In a recent article in “The Guardian,” a London newspaper, Timothy Ash  explains how an understanding of Confucianism could help explain Chinese contemporary society, politics, and even foreign policy (par. 5).  For example, the Chinese government’s desire for stability, as commented upon above, directly stems from the Confucian value of harmony. This is underscored in this quote from President Hu Jintao in February 2005, promoting the Communist party's proclaimed goals of a harmonious society and world: “Confucius said, 'Harmony is something to be cherished'” (Ash, par. 3).  As I observed on a trip to multiple mainland universities in 2007, more recently Chinese university students have been able to pursue the academic study of Christianity, the dominant religion and philosophy in the West in order to understand the way Americans think. If many more Westerners than currently do so would correspondingly take Ash’s advice and study Chinese philosophers and religions more fervently it would create the opportunity for a greater understanding and interpretation of China by outsiders. Because English is the lingua franca of the world, especially in business, the Chinese population has made a much more concerted effort to learn English than Americans have made with Mandarin.  Although Mandarin is used in only a few countries as the core language, it has the greatest number of primary speakers worldwide, and it would be prudent of Americans to acknowledge this and respect China’s language by placing a greater academic emphasis on it (“The World’s Most Widely Spoken Languages”).  In Jim Rogers’ book, soon to be released, A Gift to My Children: A Father’s Lessons for Life and Investing, he recommends that children learn Mandarin so that they too can share the benefits from China’s massive economic growth  (Kimelman par. 7). 

            Although China is emerging as a strong global power with strong leadership, the country still has to undergo quite a bit of improvement and does not feel caught up to the consistent level of modernization that the United States has achieved.  Because the two countries are at different places developmentally, the main priorities of each can come into conflict and resulting misperceptions about this can weaken the partnership between the two countries.  The United States is often critical of China’s environmental standards and practices, or what it perceives to be a gross lack of such, while China does not feel that it should be held to such stringent green policies until it has had the chance to fully develop and catch up.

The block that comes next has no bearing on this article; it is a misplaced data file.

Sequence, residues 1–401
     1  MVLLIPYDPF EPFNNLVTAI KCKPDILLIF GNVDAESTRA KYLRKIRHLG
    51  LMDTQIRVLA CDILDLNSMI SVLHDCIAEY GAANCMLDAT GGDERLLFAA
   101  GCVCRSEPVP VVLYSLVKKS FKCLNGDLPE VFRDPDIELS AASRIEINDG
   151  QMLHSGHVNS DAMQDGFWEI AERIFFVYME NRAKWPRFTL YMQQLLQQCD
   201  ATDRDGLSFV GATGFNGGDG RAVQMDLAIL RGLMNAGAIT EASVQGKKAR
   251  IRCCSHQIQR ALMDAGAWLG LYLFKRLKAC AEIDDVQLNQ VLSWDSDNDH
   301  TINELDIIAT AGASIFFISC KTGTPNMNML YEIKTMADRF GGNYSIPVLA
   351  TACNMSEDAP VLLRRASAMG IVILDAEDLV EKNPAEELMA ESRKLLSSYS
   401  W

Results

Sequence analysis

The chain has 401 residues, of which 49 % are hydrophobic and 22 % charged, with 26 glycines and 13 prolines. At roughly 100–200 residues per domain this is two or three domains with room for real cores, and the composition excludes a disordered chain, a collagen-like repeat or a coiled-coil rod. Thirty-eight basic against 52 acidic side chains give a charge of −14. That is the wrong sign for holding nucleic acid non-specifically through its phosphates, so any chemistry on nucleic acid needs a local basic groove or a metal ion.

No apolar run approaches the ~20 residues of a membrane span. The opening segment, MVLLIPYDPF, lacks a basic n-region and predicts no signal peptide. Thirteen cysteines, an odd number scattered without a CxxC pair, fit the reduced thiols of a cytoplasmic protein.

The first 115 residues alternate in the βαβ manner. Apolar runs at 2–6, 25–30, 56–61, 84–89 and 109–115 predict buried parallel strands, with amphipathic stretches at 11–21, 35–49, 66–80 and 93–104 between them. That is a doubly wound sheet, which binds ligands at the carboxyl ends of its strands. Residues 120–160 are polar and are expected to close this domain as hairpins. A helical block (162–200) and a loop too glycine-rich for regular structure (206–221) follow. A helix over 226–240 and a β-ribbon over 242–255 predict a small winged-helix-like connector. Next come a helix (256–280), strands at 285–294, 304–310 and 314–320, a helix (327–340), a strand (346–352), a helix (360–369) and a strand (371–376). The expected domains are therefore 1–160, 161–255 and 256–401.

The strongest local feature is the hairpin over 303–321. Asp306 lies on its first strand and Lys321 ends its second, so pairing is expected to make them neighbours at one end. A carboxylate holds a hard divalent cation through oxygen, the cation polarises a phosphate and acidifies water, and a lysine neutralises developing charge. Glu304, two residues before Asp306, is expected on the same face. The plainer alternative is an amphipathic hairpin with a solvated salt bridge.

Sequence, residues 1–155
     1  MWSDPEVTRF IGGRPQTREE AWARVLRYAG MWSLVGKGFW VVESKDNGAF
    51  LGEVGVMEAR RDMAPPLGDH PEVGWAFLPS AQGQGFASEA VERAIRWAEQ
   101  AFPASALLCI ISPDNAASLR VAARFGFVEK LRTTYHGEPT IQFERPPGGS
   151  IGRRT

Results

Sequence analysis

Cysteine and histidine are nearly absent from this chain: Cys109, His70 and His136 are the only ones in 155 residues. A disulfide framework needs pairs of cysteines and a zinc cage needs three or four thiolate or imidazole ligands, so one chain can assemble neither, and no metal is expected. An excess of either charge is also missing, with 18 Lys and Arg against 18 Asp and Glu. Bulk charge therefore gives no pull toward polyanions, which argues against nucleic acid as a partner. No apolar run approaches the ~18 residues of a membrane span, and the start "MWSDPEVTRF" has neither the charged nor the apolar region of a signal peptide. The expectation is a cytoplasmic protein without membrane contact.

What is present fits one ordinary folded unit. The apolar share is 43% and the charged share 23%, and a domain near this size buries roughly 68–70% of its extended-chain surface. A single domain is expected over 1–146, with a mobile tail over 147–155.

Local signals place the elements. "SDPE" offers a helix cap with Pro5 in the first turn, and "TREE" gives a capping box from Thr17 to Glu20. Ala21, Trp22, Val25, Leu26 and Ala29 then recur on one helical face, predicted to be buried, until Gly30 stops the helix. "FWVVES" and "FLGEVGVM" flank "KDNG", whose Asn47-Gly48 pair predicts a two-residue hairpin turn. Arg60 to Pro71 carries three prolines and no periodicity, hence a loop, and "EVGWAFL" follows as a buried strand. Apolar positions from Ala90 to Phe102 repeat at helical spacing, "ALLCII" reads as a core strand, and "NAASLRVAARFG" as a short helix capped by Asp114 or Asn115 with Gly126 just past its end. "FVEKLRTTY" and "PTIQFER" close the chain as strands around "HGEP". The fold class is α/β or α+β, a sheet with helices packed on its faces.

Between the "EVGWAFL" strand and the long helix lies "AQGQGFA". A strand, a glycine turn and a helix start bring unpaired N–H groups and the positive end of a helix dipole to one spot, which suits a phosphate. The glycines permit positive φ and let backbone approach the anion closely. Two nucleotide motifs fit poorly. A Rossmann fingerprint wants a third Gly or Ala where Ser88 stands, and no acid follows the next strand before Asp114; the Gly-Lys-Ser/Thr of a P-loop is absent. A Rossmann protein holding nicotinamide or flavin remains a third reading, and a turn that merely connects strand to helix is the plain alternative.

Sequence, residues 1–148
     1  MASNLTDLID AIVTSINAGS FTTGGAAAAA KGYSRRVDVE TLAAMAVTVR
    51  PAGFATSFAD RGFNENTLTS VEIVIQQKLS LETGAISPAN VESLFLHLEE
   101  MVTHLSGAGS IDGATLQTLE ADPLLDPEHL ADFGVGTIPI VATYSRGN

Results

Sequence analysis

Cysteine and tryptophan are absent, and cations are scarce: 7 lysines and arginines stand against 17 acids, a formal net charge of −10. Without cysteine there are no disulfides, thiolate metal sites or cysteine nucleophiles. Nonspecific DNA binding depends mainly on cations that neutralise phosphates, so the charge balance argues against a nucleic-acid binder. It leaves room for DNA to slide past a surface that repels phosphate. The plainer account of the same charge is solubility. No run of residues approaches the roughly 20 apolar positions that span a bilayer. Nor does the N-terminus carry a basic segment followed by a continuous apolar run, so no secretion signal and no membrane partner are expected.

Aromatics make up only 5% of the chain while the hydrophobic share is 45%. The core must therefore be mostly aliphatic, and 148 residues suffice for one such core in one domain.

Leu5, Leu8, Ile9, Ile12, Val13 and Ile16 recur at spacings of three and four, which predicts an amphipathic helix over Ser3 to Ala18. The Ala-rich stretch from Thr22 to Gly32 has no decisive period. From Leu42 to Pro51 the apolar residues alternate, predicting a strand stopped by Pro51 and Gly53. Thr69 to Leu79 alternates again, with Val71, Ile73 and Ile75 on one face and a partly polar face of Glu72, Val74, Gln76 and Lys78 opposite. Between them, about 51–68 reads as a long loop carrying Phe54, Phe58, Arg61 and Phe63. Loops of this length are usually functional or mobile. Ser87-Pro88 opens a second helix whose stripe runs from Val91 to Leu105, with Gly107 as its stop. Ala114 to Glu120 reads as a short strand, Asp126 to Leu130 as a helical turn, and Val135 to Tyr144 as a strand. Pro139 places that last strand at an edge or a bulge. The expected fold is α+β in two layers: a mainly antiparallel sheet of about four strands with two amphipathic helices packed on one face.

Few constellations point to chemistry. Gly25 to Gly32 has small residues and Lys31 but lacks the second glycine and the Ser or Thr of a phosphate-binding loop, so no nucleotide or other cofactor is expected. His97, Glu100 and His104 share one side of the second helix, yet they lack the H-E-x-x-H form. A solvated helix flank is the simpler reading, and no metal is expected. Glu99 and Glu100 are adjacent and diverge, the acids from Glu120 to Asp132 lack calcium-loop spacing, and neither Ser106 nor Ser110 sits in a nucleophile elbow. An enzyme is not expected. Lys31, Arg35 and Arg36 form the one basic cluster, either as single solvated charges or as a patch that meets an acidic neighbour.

However, China does have the unique opportunity to bypass many of the environmental mistakes that the United States and other developed countries made by instituting green technologies and lifestyles now, instead of having to backtrack and change old habits or undo what has already been done.  Yet, since the economic crisis, China has abandoned its environmental priorities even more in favor of speeding up the recovery of the hyper economic growth rate China has been accustomed to for the past decade (Ansfield). While China has numbers and statistics that make it sound like they are truly clamping down any environmental problems, the truth is that the de-centralized Environment Protection Agents are often more favorable to local business people than to the drinking water or natural flora and fauna. 



What the U.S. and China must realize is that they have more in common than not in common, and both countries belong to the same world and are a part of human civilization.  They cannot focus primarily on their differences and must realize what the benefits are which close cooperation between the two countries can bring for both their own national interests and to the international community.  With two very different governing philosophies there will be no end of lively discussion and unique proposals set forth to address world issues.  However, each country must treat the ideas and opinions of the other country with respect and an open mind.  In a way, China and the U.S. almost have the relationship of a younger sibling and an older sibling.  China must be coddled by the United States a little bit while the U.S. must be supportive and accepting of the invigorating energy China can bring and ideas for change. The U.S. and China can be compared to the yin and the yang: each country excels in an area that the other country may struggle in.  A cliché saying often quoted says that opposites attract and these two countries may not always be the best of friends, but they are bound to be close partners.  When working together, they must keep in mind each other’s weaknesses and tap each other’s strengths.